Updated in Frankfurt, Germany: Tuesday, April 21 at 12:02
Enjoyed my session with Print Summit 2015 group in Frankfurt this morning. Photos by Bert Bostelmann for HORIZONT
I will do a keynote presentation today during the one-day Print Summit 2015 at the Movenpick Hotel in Frankfurt, Germany. My presentation is titled Doing Print Happily in the Digital Age, a title that I like and a sentiment that I embrace.
How does one do print happily?
1. Not romancing print, but redefining its role within the media quartet (soon to be a quintet with the arrival of the smartwatch).
2. Considering the issue of frequency— and recency. The printed newspaper has lost the time advantage for breaking news.
3. Reconsidering the issue of format— smaller is better.
4. Bringing elements of the digital mentality to print.
5. Seducing with page one.
The Washington Post: reinventing print edition to include more centerpiece stories on Page One, more art directed section fronts
Norway's Aftenposten: a real digital revolution while nurturing its print edition, with different styles for daily and weekend
The Guardian: superb content packaged in a design that has been singled out among the best in the world
Germany's Suddeutsche Zeitung: reinventing its weekend print edition; the ultimate lean back experience for the reader
The Times of Oman: content presented visually as in this treatment of content leading to the Oscars
The New York Times and the power of photography
The Indianapolis Star: the real power of print with a forceful editorial message on its Page One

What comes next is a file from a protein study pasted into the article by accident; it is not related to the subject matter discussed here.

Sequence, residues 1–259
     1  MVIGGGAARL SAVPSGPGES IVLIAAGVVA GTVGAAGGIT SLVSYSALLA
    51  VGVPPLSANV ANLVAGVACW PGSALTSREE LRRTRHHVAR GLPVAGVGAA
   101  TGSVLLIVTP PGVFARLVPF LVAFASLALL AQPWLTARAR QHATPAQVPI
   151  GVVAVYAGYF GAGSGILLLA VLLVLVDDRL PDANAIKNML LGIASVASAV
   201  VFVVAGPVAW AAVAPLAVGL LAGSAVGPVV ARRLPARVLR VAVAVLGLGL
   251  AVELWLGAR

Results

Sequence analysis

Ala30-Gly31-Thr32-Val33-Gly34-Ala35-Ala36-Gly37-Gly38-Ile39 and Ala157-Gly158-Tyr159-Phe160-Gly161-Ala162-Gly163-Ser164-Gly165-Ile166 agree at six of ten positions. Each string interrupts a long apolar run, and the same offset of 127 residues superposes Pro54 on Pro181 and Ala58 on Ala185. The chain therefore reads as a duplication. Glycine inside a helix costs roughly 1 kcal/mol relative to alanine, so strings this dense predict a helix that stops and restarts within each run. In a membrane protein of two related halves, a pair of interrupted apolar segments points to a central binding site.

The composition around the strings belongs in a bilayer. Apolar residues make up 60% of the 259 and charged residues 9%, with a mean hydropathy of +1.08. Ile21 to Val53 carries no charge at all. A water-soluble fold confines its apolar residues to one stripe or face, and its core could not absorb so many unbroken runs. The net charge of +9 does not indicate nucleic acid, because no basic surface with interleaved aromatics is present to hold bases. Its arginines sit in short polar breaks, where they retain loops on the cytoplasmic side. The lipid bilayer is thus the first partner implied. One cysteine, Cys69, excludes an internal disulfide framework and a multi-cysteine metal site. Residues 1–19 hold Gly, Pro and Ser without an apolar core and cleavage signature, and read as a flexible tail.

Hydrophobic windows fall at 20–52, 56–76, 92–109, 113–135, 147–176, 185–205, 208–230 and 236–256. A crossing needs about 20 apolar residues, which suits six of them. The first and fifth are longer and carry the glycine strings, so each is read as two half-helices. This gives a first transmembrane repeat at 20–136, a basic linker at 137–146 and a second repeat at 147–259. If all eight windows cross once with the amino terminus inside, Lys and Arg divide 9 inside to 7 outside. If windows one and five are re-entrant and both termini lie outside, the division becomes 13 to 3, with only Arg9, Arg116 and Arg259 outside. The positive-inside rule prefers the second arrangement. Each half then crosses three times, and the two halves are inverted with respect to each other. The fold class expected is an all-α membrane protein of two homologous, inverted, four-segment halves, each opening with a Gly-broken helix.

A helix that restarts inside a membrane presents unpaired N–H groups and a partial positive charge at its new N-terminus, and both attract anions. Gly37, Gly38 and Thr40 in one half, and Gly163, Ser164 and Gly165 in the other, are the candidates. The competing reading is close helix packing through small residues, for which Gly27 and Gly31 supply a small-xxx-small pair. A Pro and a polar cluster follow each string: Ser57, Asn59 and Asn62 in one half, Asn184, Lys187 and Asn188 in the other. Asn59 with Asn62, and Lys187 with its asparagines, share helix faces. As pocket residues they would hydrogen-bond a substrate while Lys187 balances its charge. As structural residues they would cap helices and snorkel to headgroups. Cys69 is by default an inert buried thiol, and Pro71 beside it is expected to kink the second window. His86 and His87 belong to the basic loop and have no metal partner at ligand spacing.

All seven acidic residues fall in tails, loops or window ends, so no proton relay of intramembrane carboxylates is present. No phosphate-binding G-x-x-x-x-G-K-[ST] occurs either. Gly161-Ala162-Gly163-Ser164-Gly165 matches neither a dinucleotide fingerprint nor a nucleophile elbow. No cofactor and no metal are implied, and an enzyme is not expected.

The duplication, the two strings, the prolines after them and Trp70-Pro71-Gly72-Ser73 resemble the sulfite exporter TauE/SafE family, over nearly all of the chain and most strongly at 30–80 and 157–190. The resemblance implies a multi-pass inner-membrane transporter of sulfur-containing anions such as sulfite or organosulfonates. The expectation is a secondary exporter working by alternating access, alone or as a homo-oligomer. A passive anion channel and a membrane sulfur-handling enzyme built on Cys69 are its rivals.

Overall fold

Frankfurter Allegemeine: the power to surprise with that image on Page One
The Netherlands' Het Parool: bringing the digital mentality to print with a Page One navigator--the map to the journey
The real power of print is with the lean back approach, the surprises, the luxury of paper through photography, graphics and narratives
Secure a place for print by establishing a clear philosophy of storytelling in your newsroom, one where each platform plays a role.
Interesting piece about the impact that smartwatches are likely to have on how we consume news. We are happy to be mentioned here:
"...media organizations need to find the right formula for delivering short news alerts and notifications without being obtrusive or annoying. Wears of the watch are likely to fine-tune these systems to their liking."
The last time Apple introduced a brand new piece of hardware, Condé Nast thought it might help reshape the magazine business.
Five years after the iPad, the magazine publisher (which owns Bon Appetit and Epicurious along with Vogue and Vanity Fair) has more modest goals for the new Apple Watch: It thinks it might help people cook a steak.